SC Governor Closes Beach Access; Still No Stay-At-Home Order
COLUMBIA, S.C. (AP) — Whether all of South Carolina should go under a stay-at-home order to slow the spread of the coronavirus continued to be debated by cities and towns and by lawmakers at both the state and federal level Monday.
The ultimate decider, Republican Gov. Henry McMaster, did not weigh in on the order Monday. But he took one more step toward effectively closing the state: The governor ordered the closing of all access points to the state’s beaches. He also closed public boat ramps and public access points to rivers and lakes.
Instead of a broad stay-at-home order, McMaster has taken a fatherly approach, taking away things as problems develop. First it was closing dine-in restaurants and bars and later reducing allowable gathering down to just three people.
The executive order Monday closing beaches came after police had to break up large gatherings throughout the weekend.
“This is unfortunate for those who chose to responsibly follow the instructions of our public health officials, but it is a necessary action to prevent the spread of this dangerous virus,” McMaster said in a statement with the order.
People with private access to the beach, lakes and rivers can continue to use them as long as they don’t break the ban on groups.
The order also bans boats from stopping at islands or sandbars. Commercial fishing operations are exempt from the order.
McMaster has said before that a stay-at-home order closing nonessential businesses like gyms and hair salons is on the table, but he won’t issue it until he sees data from state health officials supporting it.
But plenty of others have offered their opinions. On Monday, Republican state House Speaker Jay Lucas said cities need to lay off issuing their own orders and trust the governor’s response to the coronavirus.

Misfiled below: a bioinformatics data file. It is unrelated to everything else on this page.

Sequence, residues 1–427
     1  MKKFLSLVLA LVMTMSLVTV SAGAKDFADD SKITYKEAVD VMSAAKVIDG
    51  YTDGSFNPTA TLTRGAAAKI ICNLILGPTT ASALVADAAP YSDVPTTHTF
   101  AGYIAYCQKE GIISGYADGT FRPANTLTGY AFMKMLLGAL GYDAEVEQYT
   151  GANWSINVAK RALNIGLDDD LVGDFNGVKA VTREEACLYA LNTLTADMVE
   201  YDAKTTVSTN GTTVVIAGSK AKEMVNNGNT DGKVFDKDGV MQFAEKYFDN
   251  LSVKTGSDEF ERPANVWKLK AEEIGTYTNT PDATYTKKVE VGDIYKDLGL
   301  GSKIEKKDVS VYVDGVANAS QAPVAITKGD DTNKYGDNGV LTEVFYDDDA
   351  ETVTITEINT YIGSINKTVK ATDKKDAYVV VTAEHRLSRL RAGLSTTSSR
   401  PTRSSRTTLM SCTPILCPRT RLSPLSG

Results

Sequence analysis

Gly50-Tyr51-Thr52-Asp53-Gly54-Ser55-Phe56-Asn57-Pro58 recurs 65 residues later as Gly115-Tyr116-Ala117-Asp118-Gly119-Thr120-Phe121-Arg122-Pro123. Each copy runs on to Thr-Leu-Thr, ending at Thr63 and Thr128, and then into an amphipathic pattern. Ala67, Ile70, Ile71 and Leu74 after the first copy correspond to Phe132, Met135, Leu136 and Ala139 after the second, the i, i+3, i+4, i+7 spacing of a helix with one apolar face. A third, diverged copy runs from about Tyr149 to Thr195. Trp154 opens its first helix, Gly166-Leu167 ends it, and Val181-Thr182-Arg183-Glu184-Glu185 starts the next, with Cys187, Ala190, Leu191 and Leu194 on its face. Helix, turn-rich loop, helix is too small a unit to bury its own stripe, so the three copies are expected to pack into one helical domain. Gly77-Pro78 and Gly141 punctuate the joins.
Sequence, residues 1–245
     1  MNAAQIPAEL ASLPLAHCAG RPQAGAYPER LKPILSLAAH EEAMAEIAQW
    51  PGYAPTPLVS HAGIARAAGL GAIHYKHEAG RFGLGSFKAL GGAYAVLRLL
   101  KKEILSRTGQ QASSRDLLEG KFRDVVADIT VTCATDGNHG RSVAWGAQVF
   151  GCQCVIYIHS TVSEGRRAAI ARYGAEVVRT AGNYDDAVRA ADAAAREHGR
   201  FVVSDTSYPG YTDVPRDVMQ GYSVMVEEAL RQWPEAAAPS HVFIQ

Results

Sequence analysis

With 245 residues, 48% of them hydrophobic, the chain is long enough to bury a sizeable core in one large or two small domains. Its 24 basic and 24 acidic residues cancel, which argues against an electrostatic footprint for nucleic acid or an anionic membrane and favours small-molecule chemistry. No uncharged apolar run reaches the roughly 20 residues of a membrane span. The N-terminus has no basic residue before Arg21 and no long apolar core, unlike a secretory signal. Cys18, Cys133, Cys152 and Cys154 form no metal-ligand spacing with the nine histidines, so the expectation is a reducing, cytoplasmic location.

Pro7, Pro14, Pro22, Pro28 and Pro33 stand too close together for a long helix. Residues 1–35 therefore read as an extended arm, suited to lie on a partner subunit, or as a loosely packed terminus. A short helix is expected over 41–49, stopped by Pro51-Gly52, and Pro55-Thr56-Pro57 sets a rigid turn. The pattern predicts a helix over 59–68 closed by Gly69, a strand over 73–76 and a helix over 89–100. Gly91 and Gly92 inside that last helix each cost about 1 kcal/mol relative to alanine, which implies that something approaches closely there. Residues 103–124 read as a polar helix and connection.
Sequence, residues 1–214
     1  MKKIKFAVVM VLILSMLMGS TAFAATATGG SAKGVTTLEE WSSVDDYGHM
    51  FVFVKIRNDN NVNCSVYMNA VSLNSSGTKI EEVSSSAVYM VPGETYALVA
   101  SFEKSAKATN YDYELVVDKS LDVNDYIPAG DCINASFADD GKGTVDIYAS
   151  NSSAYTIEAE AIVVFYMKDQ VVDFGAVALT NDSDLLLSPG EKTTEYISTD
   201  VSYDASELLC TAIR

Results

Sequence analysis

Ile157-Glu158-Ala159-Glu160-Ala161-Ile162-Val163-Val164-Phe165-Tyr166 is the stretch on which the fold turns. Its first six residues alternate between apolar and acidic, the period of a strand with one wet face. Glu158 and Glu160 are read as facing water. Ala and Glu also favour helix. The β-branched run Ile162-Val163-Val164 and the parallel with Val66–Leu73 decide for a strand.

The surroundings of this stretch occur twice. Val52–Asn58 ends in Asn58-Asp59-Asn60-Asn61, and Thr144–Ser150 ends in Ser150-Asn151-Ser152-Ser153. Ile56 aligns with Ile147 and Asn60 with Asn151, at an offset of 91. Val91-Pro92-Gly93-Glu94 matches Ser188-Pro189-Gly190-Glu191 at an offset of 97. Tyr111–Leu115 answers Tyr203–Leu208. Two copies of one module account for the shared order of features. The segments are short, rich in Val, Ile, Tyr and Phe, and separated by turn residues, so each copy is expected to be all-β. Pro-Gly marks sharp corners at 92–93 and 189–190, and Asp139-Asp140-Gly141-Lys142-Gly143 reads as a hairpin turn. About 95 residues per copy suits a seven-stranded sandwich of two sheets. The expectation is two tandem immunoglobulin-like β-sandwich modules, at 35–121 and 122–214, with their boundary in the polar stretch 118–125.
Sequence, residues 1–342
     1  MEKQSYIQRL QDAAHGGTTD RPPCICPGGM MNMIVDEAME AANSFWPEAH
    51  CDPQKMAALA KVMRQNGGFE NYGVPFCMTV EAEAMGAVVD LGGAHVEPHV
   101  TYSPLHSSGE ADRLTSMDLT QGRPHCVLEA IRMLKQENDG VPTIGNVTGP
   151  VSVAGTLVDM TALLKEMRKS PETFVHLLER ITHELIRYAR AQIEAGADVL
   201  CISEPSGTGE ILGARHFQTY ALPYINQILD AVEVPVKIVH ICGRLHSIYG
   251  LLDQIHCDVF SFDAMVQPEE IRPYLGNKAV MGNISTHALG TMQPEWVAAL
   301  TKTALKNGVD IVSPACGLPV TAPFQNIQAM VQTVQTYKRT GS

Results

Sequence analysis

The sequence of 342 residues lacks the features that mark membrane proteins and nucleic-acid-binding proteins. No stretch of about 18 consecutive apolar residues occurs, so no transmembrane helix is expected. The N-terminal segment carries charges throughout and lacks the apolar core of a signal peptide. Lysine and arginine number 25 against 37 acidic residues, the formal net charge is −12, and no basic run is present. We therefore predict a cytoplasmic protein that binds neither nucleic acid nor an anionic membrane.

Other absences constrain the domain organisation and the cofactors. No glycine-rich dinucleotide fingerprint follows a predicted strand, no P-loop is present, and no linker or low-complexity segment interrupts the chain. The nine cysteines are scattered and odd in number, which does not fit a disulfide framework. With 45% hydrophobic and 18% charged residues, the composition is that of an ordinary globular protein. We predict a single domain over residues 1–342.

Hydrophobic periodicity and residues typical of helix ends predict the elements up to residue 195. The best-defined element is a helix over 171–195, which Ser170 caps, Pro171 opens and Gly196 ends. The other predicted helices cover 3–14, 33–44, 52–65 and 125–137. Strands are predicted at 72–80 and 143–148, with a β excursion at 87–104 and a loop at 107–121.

Also Monday, Democratic U.S. Rep. Joe Cunningham, on quarantine in his Charleston home after contracting COVID-19, said the governor needs to issue a statewide stay-at-home order to end the uncertainty of beach communities that don’t want hundreds of outsiders visiting.
South Carolina reported 925 COVID-19 cases and two additional deaths, raising the number of people killed by the coronavirus in the state to 18, according to the Department of Health and Environmental Control’s daily update Monday afternoon.
The 151 new cases were the most in a single day since the outbreak started earlier this month. Health officials have warned that a sudden increase in the number of cases is possible as a shortage of chemicals to complete coronavirus tests is alleviated.
South Carolina’s two largest cities, Columbia and Charleston, have stay-at-home orders in place, choosing not to lift them even after an opinion from state Attorney General Alan Wilson’s office that only the governor has the power under a state of emergency to make that decision.
The opinion is an educated guess at how a court would rule and is not enforceable unless there is a lawsuit over the issue. No suit has been filed.
But the opinion caused confusion with smaller coastal towns that want to seal off their communities to keep dozens or hundreds of people who could spread the virus away.
“Over the weekend I was in constant communication with coastal mayors who are experiencing widespread confusion about their legal authority to take critical steps to keep their residents safe,” Cunnigham said in a statement asking the governor to end the confusion and issue a statewide order.
Lucas, who leads the South Carolina House, said local governments created the confusion by unnecessarily criticizing the governor. Lucas praised McMaster for consulting health officials before increasing hospital capacity and taking plenty of other steps to stop COVID-19 spread, including banning gatherings of three or more people and closing dine-in restaurants and bars.
“It appears that some local leaders merely consulted lawyers,” Lucas said in a statement. “I urge local government to work with state government rather than pitting themselves against this governor for personal political gain.”